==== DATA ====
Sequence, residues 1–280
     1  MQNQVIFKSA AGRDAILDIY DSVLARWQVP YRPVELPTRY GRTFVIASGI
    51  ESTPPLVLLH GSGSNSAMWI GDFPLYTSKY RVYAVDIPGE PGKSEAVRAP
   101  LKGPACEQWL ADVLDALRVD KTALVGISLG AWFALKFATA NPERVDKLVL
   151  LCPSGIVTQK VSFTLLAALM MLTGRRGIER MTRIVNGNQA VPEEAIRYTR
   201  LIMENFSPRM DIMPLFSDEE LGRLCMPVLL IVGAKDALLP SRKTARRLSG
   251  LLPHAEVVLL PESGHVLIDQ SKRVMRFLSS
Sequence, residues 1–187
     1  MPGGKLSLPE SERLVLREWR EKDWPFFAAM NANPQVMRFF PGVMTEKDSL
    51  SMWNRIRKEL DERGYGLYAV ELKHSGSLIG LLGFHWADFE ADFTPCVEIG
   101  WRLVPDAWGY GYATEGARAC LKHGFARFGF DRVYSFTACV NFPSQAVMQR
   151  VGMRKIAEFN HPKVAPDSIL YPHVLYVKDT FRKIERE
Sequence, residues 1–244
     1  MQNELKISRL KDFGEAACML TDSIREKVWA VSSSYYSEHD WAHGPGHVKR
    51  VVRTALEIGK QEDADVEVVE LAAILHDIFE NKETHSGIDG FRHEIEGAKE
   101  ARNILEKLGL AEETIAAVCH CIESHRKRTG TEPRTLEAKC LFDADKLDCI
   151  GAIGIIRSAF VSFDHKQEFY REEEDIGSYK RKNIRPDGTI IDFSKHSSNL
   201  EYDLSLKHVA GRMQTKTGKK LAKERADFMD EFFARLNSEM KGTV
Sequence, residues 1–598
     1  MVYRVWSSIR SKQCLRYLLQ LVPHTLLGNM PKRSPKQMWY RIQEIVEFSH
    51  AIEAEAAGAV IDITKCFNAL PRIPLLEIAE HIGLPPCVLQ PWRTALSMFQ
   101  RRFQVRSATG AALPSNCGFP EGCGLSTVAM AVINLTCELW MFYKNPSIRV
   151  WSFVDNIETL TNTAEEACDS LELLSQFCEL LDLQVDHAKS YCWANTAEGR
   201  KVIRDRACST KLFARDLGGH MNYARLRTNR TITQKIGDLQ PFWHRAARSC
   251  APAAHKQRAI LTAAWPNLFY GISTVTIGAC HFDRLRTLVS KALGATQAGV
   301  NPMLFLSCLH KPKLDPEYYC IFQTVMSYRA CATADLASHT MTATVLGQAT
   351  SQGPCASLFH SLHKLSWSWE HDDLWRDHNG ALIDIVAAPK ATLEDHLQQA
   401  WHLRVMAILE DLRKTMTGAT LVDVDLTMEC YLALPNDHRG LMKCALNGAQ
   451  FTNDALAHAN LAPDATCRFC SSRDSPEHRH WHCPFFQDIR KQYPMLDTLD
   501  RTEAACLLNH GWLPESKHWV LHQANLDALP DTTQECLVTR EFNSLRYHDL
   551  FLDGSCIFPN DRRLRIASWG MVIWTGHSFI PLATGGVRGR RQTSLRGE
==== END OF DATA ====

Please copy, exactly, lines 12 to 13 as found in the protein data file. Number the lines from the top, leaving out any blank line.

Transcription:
   151  VGMRKIAEFN HPKVAPDSIL YPHVLYVKDT FRKIERE
Sequence, residues 1–244